It’s not even summer, but looks like Apple’s already prepping up for the holiday season. Until a few days ago, we’d been hearing about how Apple was planning to launch the iPhone 5S by the end of this year or possibly by early next year. But looks like the impending launch of the Samsung Galaxy S4 has got the company jittery, because the latest we’re hearing is that the iPhone 5’s successor could come out as soon as summer of 2013!
A lot of well known analysts have agreed on this prediction – Barclay analyst Kirk Yang, KGI Securities Ming-Chi Kuo and iMore blogger Rene Ritchie, to name a few. Kuo was among the first to predict the iPhone 4S’s launch in 2011, instead of an iPhone 5. According to his latest research note, Apple fans can expect not just the iPhone 5S but also a cheaper version of the iPhone for emerging markets. Kuo expects Apple to launch the iPhone 5S by July with a more powerful processor, a camera with a higher resolution and an improved flash, a fingerprint sensor for improved security and an overall body which can be thinner and lighter than the iPhone 5. Kuo feels that the cheaper iPhone could also be unveiled in July with dimensions similar to the iPhone 5S, but it would be bulkier and would have a camera with lower resolution.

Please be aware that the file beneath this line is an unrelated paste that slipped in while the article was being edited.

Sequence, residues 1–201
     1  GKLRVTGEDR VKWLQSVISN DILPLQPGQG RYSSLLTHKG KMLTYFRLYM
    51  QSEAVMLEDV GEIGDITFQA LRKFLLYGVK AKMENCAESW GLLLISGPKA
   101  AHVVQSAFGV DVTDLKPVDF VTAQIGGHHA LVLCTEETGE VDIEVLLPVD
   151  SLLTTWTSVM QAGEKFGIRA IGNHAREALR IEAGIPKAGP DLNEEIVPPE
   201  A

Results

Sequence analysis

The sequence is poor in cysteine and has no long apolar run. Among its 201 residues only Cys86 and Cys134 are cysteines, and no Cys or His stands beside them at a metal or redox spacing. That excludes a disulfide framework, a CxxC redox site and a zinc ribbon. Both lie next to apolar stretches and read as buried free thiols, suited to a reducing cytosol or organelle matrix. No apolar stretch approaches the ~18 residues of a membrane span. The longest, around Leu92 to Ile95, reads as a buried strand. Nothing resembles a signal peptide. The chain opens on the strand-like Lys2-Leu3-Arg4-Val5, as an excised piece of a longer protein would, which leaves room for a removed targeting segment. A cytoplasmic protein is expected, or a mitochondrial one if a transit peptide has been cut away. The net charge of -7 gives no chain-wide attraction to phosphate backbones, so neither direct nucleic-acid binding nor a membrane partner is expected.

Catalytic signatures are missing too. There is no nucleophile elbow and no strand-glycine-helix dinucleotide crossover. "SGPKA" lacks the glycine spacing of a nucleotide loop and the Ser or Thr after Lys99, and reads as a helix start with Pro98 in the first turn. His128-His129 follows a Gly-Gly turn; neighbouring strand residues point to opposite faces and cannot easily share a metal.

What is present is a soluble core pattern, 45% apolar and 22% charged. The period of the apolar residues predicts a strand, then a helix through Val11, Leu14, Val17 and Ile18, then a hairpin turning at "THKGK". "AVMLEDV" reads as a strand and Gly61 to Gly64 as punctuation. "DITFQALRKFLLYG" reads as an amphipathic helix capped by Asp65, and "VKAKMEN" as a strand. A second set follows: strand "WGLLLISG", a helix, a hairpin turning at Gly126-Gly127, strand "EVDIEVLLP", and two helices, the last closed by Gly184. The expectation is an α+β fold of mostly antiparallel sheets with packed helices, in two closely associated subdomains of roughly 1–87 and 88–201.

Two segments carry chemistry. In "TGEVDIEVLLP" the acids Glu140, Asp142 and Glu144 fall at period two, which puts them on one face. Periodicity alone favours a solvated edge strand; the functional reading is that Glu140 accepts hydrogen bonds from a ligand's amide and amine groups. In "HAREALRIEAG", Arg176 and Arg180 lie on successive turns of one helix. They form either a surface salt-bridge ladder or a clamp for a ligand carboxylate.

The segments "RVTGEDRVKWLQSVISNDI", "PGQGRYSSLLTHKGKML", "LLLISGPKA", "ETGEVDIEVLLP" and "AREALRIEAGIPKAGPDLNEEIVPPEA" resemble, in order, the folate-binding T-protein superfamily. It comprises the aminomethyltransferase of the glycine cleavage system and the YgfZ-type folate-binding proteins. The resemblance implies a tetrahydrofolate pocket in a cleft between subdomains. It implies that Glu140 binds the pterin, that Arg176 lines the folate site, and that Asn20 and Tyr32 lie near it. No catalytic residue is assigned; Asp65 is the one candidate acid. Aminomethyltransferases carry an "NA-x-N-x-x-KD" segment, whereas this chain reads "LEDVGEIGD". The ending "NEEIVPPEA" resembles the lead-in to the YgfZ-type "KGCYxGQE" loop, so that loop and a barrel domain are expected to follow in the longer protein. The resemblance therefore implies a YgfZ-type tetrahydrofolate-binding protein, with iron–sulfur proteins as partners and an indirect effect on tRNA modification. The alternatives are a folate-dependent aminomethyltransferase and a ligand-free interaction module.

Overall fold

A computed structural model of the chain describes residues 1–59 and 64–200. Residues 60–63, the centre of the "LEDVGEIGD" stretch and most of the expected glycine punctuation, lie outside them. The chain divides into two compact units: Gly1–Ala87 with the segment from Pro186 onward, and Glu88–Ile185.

Rene Ritchie has, to his credit, been quite accurate about predicting the launch dates of Apple devices in the past. Ritchie feels that Apple’s iPhone 5S could be out by August, and yes, it will of course have a more powerful processor and a better camera. But he feels that before the iPhone 5S, we can expect to see Apple launching the iPad 5 and the iPad Mini 2 by sometime in April. Kuo, however, feels that these tablets would come out only after summer.
Now, onto the iWatch – we’d been hearing about this wonder since quite some time now. And looks like Apple could finally show us this device by the end of 2013. Apparently, at least 100 employees are busy wracking their nerves designing and building this futuristic iWatch. It would function quite like a regular phone, letting users make and receive phone calls, access GPS data and also double up as a pedometer and sensor to monitor health-related information. This is something we’ve heard from both Bloomberg and The Verge.